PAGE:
Scammers Target Remote Workers with Email Phishing Campaigns

By Lindsay Scott and Kathie McDonald-McClure

According to a recent USA Today article, the Federal Trade Commission (FTC) reported that it had received 83,858 fraud reports this year through August 9th relating to COVID-19 and the economic stimulus packages. Many of these fraud reports are connected to email phishing campaigns that target remote, telework or furloughed employees.

In one type of phishing campaign, scammers send emails to workers telling them that their employment is being terminated as a result of COVID-19 and purports to offer termination package options. These termination email scams provide clickable links inviting the employee to attend a teleconference meeting or to obtain additional information concerning the termination packages. Instead, these links download malicious software or require the employee to enter personal information, such as a Social Security number, in an attempt to steal their identity and ultimately commit financial fraud that harms the employee. Employees who receive a suspicious email telling them they are being terminated should notify their human resources department or other designated person in the organization.

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Ten Easy Cyber Security Measures To Add To Your 2016 List Of New Year’s Resolutions

NewYearsEveClockWhen thinking about your 2016 New Year’s resolutions, include some data security resolutions on your list! The Kentucky Chamber of Commerce in coordination with Wyatt Tarrant & Combs, LLP, hosted a Cyber Security and Data Privacy seminar on December 17, 2015. This blog post highlights several ideas for resolutions that came from thoughts expressed by speakers during the seminar. In the coming year, think about what you should be doing to protect your personal identity as well as to protect the personal information of your customers, clients, patients and employees.  Here are ten resolutions to get you started:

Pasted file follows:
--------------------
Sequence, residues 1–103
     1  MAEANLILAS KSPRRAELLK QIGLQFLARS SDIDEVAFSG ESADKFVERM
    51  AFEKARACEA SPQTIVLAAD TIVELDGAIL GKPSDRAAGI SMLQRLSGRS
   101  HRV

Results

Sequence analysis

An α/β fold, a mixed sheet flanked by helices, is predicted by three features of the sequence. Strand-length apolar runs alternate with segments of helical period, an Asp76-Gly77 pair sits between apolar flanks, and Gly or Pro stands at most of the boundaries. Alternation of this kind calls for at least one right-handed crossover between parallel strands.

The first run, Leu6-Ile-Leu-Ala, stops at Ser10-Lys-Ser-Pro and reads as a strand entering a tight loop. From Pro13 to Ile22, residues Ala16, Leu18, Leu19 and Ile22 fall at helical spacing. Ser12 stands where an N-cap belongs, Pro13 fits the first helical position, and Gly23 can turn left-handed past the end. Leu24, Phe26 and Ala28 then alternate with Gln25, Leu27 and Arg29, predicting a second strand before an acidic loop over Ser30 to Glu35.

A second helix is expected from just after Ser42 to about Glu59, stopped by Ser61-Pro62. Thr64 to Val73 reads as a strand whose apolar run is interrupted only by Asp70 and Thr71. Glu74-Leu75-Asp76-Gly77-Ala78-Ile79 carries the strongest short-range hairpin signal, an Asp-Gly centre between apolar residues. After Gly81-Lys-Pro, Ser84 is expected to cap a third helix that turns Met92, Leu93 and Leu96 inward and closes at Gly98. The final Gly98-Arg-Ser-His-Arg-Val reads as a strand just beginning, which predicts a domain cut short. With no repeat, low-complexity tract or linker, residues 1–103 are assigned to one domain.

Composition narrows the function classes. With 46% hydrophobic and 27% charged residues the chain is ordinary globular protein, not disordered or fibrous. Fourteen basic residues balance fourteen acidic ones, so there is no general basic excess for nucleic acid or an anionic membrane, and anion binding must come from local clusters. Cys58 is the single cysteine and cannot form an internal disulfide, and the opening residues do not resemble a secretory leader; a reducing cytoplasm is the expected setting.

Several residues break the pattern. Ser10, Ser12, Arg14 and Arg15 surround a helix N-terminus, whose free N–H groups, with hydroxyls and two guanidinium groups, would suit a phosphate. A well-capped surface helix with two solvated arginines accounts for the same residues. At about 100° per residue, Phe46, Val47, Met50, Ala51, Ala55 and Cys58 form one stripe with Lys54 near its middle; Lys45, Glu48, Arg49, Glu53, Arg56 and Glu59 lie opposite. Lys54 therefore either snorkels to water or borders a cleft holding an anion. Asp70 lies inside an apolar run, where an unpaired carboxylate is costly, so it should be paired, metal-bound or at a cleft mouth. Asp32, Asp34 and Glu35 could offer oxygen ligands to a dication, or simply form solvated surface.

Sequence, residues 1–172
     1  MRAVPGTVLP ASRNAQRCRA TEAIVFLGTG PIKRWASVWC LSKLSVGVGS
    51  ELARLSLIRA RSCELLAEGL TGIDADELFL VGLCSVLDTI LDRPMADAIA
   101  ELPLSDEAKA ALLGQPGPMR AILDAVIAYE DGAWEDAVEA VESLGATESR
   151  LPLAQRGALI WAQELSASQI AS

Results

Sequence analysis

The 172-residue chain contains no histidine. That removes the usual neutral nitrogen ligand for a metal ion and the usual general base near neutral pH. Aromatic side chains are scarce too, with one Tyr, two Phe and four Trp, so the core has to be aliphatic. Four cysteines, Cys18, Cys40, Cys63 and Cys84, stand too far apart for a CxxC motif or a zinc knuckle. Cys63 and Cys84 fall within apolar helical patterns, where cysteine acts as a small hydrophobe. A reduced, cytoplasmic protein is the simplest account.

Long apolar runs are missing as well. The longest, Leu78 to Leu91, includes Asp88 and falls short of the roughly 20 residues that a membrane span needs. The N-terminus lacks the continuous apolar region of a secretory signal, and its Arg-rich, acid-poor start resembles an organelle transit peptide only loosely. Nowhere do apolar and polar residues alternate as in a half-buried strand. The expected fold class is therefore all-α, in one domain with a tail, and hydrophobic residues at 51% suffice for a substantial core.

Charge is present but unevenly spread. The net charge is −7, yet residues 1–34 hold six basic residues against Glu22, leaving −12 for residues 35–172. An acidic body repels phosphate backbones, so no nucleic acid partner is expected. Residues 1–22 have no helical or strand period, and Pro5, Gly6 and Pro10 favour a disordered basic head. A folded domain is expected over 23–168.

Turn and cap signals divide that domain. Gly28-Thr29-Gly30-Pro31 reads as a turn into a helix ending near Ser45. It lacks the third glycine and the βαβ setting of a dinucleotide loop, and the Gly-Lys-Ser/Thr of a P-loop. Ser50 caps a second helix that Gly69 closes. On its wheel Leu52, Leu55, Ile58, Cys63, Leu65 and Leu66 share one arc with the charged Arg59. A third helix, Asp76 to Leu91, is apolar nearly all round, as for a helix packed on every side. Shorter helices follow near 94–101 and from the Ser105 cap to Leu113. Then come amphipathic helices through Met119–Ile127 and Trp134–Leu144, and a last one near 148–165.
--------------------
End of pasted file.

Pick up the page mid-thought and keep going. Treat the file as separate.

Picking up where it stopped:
RESOLUTION #1 – I will NOT use a credit or debit card at a gas pump. This resolution can serve a two-fold purpose: a) You can make progress toward your 10,000 steps by walking to the cashier window, and b) you can protect yourself from identity theft. Dan Jackman, a cyber security task force officer with the FBI, stated during the seminar that thieves are stealing credit card information from gas pumps and explained how they do it. According to Officer Jackman, there are ONLY five different pump keys for the entire Commonwealth of Kentucky.  So, dishonest fraudsters take a job with a gas station just to get access to the pump key so they can open the pump casing and change out credit card readers, not just at that station but dozens of stations using the same key.  By gaining access to the inside of the pump, they can replace the card reader in a way that it cannot be detected when closing and locking the pump casing.  The fraudster makes the switch in the dead of the night.  Credit/debit cards are being ripped off in a matter of seconds within the time they are used at a pump with a fake card reader. Apparently, this type of theft is rampant in Kentucky.

Officer Jackman recommends going to the window to use a credit card or pay cash (thereby making this a two-part resolution because you will get some steps). If you cannot break the habit of paying at the pump, then use a prepaid card to limit your losses. Avoid using a debit card tied to your checking account. Continue reading